1 person found this helpful
What type of camcorder did your video come from and how did you get it into your computer? Video codecs are the chief reasons for instability in the program.
The other is an out of date operating system, driver or Quicktime.
The video I used came from the Creative Vado HD. I connected the device to my computer (usb), browsed to the video folder and copied it to my machine manually.
Other things I tried (but forgot to mention)
I downloaded Format Factory and converted the video to other formats (AVI, xvid, divx)
I downloaded the K-Lite Codec Pack to make sure I had all the codecs I needed.
I didn't check for outdated drivers, I'm doing that now.
Thanks for the quick reply, I'll post back with the results of updating my drivers (it's taking a while so that may be it).
1 person found this helpful
Unfortunately, the Creative site does not go into too much detail on the files created. Per their site, the material is really for display on a TV via HDMI, and no mention is made of editing. I searched for info on this camera for another user, but do not recall any details. You might want to Search this forum for Vado and then filter on People, plugging in the_wine_snob, as I did respond to that thread. Do not recall the resolution to those problems.
I'd strongly suggest using G-Spot to get all details on these files. That utility will give you full CODEC info.
Now, unlike many others, I am not a fan of any CODEC "packs," K-Lite included. I always install just the CODEC's that I need, when I need them. I also want to go to the source for each CODEC, even if I have to pay, and there are free versions out there. Most of those are hacked, or reverse-engineered versions, and some work, but others do not. For just viewing, K-Lite is fine, but if one wishes to edit files, I am just not a fan personally. I've seen too many folk, who had to wipe their entire HDD to rid themselves of some of the detritus that it installs. Oh well, that is just my opinion.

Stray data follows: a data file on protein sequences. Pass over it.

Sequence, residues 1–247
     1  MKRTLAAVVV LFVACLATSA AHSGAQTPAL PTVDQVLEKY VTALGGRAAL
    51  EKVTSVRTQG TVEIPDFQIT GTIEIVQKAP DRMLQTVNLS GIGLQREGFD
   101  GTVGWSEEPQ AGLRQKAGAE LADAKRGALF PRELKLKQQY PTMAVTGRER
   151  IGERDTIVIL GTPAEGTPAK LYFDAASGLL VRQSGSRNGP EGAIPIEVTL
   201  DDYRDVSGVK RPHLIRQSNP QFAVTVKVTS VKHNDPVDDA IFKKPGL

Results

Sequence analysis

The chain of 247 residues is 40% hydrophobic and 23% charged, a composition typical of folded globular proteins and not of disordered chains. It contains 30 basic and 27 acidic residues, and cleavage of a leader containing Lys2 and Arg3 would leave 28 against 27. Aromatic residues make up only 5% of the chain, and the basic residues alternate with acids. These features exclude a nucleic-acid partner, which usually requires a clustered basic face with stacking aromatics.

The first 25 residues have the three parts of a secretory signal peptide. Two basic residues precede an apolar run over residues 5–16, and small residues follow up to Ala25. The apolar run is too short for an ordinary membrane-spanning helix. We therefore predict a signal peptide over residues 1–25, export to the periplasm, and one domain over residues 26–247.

Now, do NOT convert to any form of DivX, or Xvid. These are very highly-compressed delivery formats and are NOT meant for any editing.
Good luck, and please tell us what G-Spot has to say about those files.
Thanks, Corey, but you got right to the core of the problem in your first post.
Those pocket "webbie" cameras, like the Vado, the Webbie and the Flip, don't produce editable video. They're made to just shoot and load up to YouTube. If you can edit them at all, it's with the software, if any, that comes with them.
Their codecs are designed for compact storage and are often proprietary.
As with the Flip, the best solutiion is to convert the video from these cams to DV-AVIs before you bring them into Premiere Elements, per the FAQs to the right of this forum.
I think I'm set. I just went through a whole session (well, 60 minutes) without getting the "out of memory" error message or a crash.
After all was said and done, looks like it was the files themselves like you said. I was converting them but I was converting them to other formats that had compression. As soon as I converted to DV AVI, the problems seemed to go away.
That forum article with the link to NCH Software did the trick for conversion.
Thanks for your help!